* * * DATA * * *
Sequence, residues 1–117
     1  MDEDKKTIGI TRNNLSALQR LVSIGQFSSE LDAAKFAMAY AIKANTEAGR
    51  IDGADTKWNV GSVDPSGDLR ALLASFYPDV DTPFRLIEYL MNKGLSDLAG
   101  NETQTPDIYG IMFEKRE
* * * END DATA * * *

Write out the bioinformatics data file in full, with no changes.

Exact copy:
Sequence, residues 1–117
     1  MDEDKKTIGI TRNNLSALQR LVSIGQFSSE LDAAKFAMAY AIKANTEAGR
    51  IDGADTKWNV GSVDPSGDLR ALLASFYPDV DTPFRLIEYL MNKGLSDLAG
   101  NETQTPDIYG IMFEKRE